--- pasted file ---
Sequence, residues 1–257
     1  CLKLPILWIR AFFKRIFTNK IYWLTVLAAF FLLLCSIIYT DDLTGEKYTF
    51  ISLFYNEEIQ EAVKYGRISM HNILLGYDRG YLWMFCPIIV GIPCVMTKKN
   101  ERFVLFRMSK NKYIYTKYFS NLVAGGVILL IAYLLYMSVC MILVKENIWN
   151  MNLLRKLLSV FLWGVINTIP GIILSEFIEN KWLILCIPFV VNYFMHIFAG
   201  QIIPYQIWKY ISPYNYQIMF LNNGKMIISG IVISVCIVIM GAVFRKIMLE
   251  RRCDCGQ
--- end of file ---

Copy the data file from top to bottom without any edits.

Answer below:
Sequence, residues 1–257
     1  CLKLPILWIR AFFKRIFTNK IYWLTVLAAF FLLLCSIIYT DDLTGEKYTF
    51  ISLFYNEEIQ EAVKYGRISM HNILLGYDRG YLWMFCPIIV GIPCVMTKKN
   101  ERFVLFRMSK NKYIYTKYFS NLVAGGVILL IAYLLYMSVC MILVKENIWN
   151  MNLLRKLLSV FLWGVINTIP GIILSEFIEN KWLILCIPFV VNYFMHIFAG
   201  QIIPYQIWKY ISPYNYQIMF LNNGKMIISG IVISVCIVIM GAVFRKIMLE
   251  RRCDCGQ